Since its founding in 2012, the “men’s rights” subreddit r/TheRedPill has become one of the most notorious forums in Reddit’s history, widely known as a misogynistic cesspool in which men deride feminist ideologies and mock rape victims. An appropriation of The Matrix’s concept of “taking the red pill,” members of the forum argue that men need to “wake up” to a reality in which feminism has ruined their lives.
Now it appears the foundational beliefs of TheRedPill could be directly impacting politics in at least one state.
The Daily Beast has uncovered significant evidence that TheRedPill’s founder, a redditor named pk_atheist, is actually a state Republican lawmaker.
According to the Daily Beast’s findings, pk_atheist is one of many internet handles belonging to a 31-year-old Republican lawmaker named Robert Fisher. Fisher created r/TheRedPill near the end of his initial campaign for the New Hampshire state House of Representatives, in which he ran as a Democrat. In 2014, he campaigned as a Republican, won, and maintained his seat in 2016 with a total of 5,700 votes.
Now greeting the accusations — which include a litany of misogynistic comments posted to the forum over the years — with a mix of denial and admission, Fisher is ignoring calls from his fellow state legislators to resign. Instead, he seems to be embracing his role as a de facto leader of the alt-right enclave, and says he will “stand strong for men's rights” in the New Hampshire legislature.
Writing under a number of aliases, Fisher made several dismissive statements about sexual consent and the inferiority of women
Fisher has espoused typical alt-right ideological views online, even though he only served as moderator of TheRedPill for around two months between late 2012 and early 2013. The forum specifically advocates for the so-called “men’s rights” movement, which often bills itself as being about restoring men’s self-esteem after it’s been damaged by the effects of feminism, protecting fathers’ agency in custody battles, and generally restoring their traditional roles as head of the family. In practice, however, men’s rights activists, colloquially known as “MRAs,” often use this agenda to harass women, deny the existence of rape culture, and teach one another how to manipulate women into sleeping with them, often through subtle forms of control.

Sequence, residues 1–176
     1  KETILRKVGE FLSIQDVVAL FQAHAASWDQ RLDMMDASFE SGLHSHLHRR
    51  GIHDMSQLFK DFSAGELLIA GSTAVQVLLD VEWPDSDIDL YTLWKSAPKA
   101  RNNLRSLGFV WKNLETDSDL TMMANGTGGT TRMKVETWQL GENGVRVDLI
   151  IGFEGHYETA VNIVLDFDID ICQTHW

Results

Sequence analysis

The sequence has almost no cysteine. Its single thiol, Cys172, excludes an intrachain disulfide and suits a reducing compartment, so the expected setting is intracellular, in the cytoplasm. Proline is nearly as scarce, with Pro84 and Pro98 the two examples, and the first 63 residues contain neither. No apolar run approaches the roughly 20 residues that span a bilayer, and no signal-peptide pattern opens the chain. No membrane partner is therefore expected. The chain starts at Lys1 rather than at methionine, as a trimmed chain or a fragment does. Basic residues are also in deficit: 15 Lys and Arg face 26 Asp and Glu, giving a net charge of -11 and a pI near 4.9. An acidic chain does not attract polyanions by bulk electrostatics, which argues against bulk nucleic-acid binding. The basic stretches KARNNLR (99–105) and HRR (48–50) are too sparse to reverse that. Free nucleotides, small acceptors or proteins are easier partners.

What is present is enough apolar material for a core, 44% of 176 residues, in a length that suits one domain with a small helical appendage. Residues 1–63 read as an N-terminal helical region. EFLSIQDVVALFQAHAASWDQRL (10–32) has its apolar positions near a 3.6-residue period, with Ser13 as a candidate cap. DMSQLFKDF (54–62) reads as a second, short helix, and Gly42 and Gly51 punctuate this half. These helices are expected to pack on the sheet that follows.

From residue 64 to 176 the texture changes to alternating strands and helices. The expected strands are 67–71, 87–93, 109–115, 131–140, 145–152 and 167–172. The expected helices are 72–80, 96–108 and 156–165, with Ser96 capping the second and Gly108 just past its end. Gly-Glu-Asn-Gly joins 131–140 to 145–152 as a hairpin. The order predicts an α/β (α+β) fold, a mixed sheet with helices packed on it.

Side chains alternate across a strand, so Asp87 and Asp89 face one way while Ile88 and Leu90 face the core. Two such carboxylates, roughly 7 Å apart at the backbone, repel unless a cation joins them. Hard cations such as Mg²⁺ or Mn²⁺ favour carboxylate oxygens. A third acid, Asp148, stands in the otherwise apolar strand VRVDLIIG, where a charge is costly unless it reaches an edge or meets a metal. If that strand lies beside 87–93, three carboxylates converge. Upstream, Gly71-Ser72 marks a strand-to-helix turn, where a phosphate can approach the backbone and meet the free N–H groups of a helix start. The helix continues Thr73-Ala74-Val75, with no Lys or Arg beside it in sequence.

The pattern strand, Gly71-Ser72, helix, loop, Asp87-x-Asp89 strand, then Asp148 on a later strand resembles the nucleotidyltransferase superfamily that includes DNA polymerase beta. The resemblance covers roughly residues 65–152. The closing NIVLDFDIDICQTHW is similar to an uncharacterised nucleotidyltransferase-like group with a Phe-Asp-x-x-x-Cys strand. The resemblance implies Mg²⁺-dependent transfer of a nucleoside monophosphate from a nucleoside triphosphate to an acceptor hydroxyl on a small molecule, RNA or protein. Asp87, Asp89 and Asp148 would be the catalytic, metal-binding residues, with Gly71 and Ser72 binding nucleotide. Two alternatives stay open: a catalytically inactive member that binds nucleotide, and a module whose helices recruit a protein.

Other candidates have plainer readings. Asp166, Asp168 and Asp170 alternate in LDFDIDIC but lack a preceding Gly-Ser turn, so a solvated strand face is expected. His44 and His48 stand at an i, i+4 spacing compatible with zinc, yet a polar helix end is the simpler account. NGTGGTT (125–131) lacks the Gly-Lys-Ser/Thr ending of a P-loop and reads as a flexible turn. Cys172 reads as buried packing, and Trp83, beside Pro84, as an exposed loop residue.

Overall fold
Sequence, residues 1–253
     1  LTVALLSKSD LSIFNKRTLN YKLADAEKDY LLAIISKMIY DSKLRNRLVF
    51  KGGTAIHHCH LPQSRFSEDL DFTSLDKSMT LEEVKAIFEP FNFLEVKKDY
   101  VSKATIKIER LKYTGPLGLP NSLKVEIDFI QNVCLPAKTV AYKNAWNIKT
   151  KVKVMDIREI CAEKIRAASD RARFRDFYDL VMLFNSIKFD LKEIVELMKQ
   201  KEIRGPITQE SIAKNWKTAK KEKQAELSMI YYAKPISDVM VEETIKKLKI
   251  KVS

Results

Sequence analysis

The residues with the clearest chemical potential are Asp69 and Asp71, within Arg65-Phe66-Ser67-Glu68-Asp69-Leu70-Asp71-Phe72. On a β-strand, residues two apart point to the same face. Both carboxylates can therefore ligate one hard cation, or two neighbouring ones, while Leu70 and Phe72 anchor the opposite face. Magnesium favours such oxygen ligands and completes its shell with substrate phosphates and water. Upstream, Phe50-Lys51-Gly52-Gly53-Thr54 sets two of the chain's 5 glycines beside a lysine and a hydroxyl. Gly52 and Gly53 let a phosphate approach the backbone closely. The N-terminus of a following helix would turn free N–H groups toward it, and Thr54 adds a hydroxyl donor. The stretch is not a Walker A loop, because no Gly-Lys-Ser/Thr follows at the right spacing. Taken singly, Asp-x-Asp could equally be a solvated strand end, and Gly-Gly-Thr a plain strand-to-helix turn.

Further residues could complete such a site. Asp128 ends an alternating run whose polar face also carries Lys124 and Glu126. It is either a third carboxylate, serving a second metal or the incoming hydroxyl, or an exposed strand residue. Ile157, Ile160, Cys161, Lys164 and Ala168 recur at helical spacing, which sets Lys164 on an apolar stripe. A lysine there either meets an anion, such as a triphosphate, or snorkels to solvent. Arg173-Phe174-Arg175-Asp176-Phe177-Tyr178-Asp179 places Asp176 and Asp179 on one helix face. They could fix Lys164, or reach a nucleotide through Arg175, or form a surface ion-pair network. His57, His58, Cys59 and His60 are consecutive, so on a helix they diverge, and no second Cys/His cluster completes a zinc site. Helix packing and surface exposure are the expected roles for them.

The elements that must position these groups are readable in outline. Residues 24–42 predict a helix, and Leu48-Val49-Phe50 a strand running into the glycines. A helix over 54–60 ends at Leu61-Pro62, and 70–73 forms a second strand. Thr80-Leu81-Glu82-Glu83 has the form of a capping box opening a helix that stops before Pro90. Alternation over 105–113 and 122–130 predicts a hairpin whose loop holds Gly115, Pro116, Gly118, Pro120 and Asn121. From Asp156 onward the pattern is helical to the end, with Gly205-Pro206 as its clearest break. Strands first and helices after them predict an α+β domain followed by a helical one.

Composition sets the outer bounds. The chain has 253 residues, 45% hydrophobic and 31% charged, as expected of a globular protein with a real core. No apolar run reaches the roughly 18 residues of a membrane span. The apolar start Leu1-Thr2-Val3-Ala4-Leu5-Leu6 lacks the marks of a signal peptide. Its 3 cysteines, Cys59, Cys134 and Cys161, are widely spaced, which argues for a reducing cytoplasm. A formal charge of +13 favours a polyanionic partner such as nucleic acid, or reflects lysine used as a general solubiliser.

Though at the time of his departure as a moderator of TheRedPill, Fisher said he would not be participating further in the community, he remained semi-active in the forum until his outing by the Daily Beast. Under various aliases used across the internet, Fisher expressed his belief that women are unintelligent and argued that it’s “necessary to teach women consequence” for leaving their marriages — a statement that reflects his most recent campaign promise to “strengthen the family.”
“I treat women like they're subordinate creatures, and suddenly they respect me,” Fisher wrote in 2013.
The Daily Beast also points out that Fisher frequently posted in TheRedPill about his fear of being falsely accused of rape. This fear ran parallel to his dismissive views of rape and sexual consent; he once argued that rape jokes made by the high schoolers who witnessed the assault of the Steubenville rape victim were not newsworthy, and also suggested that it is “evolutionarily advantageous” for a 40-year-old man to hit on a 15-year-old girl. “Just because there’s a law doesn’t mean 15 year old girls were always considered out of bounds,” he wrote.